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International Talk Like a Pirate Day 2023

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Authored by Laura Wales
Published on 19th September, 2023 3 min read

International Talk Like a Pirate Day

Today (19/09/2023) is International Talk Like a Pirate Day. The parodic holiday was created in 2002 by John Baur and Mark Summers. They decided that there should be a day where everybody talks like a pirate. 

The idea came to the pair whilst playing a game of racquetball. One of them suffered an injury during the game, causing them to call out “Arrr!”, which was redolent of a pirate’s cry. The ensuing conversation between the two friends resulted in the conception of International Talk Like a Pirate Day. The holiday gained exposure when Baur and Summers wrote to columnist Dave Barry about their idea. He included it in one of his columns. Since then, it has been celebrated annually by pirate enthusiasts across the globe. It has even been adopted by the Pastafarian movement as an official holiday. 

The day encourages participants to embrace pirate slang and colloquialisms. Pirate lovers will often celebrate by wearing costumes, playing pirate themed games, singing songs, and attending themed parties. Traditional sea shanties are sung along with more modern pieces including filk musician Tom Smith’s original Talk Like a Pirate Day which was written especially to mark the day. 

The figure of the pirate has been mythologised in pop culture through the influences of literature and film. The picture many of us envisage when we think about pirates is a somewhat caricatured version of the historical, violent criminals of the sea. The modern-day perception of an archetypal pirate with a wooden leg, eye patch, parrot, and tricorn black hat can be attributed to Robert Louis Stevenson’s 1883 novel Treasure Island and its subsequent film adaptations. The novel was originally serialised in Young Folks magazine between 1881–1882 and is said to be the first piece of children’s literature about pirates. Its sensationalised imagery created an enduring stereotype. 

Byron Haskin’s 1950 film adaptation of Treasure Island likewise helped to establish the archetypal slang and dialect we associate with pirates. Many popular pirate phrases originated with Robert Newton, the actor who played Long John Silver. Given that pirates were sailors, it is true that they would have used a wide range of nautical jargon. Newton, however, made-up phrases in his stage performance that had not been used by real pirate communities.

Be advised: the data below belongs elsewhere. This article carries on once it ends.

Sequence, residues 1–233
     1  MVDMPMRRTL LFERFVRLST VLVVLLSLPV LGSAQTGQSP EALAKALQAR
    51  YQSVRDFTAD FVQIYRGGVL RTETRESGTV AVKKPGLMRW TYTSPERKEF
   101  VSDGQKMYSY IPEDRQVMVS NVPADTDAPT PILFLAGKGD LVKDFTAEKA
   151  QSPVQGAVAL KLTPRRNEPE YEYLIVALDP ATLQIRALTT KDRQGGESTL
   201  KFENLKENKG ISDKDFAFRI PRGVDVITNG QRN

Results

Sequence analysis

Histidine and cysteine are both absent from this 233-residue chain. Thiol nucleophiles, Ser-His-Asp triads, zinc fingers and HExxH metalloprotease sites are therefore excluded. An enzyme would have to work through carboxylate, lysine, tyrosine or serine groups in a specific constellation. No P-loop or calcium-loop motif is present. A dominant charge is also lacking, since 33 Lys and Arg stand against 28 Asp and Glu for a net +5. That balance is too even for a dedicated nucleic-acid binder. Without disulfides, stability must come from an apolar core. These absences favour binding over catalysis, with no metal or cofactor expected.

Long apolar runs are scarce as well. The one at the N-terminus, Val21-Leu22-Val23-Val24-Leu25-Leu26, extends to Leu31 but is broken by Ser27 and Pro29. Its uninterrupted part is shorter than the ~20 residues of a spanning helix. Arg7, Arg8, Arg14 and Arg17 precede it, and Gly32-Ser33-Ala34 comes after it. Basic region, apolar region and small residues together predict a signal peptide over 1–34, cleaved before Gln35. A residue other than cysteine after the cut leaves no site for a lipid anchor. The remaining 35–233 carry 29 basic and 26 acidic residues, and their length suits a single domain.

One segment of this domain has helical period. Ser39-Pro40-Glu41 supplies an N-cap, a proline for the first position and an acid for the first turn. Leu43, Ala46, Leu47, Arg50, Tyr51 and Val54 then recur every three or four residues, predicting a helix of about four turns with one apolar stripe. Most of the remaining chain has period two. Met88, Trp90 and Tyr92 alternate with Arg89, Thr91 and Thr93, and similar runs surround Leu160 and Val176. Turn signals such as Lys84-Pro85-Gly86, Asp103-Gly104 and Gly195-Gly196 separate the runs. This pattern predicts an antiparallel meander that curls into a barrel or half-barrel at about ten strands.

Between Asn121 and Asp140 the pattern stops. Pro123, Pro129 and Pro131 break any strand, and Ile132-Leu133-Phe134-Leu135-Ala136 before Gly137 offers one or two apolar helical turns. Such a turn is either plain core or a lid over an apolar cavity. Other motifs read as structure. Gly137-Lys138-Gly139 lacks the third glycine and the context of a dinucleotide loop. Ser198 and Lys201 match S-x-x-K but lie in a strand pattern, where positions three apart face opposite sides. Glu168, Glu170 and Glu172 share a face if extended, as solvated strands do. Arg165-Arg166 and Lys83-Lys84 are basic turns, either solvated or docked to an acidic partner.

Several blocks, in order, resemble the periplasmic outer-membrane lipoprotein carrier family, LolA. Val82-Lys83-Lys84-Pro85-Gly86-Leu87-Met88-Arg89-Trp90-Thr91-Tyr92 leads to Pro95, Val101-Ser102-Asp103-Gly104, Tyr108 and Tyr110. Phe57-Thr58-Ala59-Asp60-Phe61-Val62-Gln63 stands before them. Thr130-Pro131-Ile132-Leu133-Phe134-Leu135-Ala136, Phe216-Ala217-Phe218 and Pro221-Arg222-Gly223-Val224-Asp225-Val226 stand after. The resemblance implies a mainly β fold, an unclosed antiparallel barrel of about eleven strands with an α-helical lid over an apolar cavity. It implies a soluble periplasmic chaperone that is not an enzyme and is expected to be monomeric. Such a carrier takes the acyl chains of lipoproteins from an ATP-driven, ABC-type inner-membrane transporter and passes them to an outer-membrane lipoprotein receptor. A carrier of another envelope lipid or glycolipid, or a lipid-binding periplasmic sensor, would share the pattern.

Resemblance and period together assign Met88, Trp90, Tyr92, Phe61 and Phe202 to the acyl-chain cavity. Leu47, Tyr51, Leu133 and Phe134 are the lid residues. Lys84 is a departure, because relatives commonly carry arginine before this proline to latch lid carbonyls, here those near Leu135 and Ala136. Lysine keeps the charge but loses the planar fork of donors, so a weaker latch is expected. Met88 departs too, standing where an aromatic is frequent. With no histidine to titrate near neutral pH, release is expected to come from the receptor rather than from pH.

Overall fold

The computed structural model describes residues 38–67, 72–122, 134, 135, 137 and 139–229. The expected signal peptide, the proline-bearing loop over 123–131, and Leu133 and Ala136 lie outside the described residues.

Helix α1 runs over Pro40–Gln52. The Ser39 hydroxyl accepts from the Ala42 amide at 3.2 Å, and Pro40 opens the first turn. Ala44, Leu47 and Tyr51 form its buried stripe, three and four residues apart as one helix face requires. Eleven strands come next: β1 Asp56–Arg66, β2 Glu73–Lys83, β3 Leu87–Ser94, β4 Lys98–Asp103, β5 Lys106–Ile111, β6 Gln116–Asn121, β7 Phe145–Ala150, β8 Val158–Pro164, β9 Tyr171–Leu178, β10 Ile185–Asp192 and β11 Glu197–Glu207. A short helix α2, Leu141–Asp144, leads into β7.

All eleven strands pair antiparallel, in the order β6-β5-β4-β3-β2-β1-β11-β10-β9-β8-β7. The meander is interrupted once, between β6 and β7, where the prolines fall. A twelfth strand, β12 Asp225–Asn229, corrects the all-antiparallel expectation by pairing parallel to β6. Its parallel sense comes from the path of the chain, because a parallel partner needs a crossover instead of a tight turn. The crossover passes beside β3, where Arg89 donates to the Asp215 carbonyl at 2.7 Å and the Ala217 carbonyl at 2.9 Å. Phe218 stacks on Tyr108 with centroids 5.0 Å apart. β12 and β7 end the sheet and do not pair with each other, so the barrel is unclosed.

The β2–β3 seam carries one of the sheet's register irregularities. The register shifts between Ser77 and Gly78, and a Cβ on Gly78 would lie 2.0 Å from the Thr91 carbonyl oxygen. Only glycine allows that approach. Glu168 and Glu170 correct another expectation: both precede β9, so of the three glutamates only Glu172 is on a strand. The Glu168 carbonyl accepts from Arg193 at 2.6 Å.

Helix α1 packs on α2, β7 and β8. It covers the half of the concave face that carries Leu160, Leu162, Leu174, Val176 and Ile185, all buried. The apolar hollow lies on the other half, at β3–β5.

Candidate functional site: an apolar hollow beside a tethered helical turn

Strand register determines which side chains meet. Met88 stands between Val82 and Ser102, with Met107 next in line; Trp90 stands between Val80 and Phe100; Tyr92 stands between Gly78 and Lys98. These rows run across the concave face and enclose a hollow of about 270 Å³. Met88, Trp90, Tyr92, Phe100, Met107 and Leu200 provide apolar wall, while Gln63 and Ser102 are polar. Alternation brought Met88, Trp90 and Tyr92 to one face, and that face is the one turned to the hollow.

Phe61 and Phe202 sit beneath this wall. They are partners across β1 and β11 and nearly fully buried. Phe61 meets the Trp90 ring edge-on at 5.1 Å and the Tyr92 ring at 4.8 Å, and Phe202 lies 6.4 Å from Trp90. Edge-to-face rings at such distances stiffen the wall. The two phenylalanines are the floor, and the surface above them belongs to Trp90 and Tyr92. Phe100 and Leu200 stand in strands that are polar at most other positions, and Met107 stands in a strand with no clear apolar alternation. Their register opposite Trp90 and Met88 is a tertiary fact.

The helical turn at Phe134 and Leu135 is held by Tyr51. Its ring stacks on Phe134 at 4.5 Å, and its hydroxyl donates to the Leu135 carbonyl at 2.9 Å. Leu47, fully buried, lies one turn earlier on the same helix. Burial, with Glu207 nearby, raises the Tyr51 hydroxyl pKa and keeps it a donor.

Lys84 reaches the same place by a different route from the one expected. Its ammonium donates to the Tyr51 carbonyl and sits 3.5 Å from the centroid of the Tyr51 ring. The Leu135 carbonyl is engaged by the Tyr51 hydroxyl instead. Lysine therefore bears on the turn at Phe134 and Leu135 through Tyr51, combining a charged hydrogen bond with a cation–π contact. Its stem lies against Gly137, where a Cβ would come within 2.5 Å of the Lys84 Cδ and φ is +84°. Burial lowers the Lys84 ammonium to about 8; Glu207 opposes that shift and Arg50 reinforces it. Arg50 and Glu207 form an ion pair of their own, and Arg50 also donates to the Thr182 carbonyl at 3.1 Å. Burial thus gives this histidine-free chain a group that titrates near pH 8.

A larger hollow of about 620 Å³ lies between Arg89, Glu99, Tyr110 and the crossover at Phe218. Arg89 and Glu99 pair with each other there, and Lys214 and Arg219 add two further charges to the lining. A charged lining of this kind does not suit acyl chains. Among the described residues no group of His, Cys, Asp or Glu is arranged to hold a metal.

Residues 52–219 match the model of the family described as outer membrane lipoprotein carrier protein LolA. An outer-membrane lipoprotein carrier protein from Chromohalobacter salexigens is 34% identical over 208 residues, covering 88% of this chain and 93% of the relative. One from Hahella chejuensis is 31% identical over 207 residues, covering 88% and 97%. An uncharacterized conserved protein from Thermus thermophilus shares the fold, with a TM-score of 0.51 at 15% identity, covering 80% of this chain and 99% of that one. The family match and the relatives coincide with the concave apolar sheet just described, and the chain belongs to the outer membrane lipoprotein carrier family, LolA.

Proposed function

There is some truth to the accent that Newton adopted for the characterisation of Long John Silver: he used a very exaggerated southwest of England/Cornwall accent. Because the west country is located close to the coast, it has typically been associated with seafaring activities and many pirates did in fact come from this region. Some of the main occupations in the area were related to fishing and mining. Those who worked in these industries already possessed some of the transferrable skills that pirates required, such as sailing and tunnelling. The terrain of the Cornish and Devon coast also lent itself to the activities of smugglers and pirates as the many coves and bays provided ideal hideaways. Thus, many pirates would have originated from this part of the UK and spoken with the west country accent. Newton exaggerated the accent’s strong “r” sound and introduced the signature “arrr” of his character. This has influenced the portrayal of pirates ever since, including the dialect that International Talk Like a Pirate Day celebrates. 

Authored by Laura Wales

Laura Wales

Laura Wales is a Marketing and Editorial Assistant at British Online Archives. She is an English Literature graduate from Durham University. She has a particular interest in the history of the First World War, along with the legacies of historical literature in contemporary writing.

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The British Online Archives Notable Days diary is a platform intended to mark key dates and events throughout the year. The posts draw attention to historical events and figures, as well as recurring cultural traditions and international awareness days, in both religious and secular contexts.

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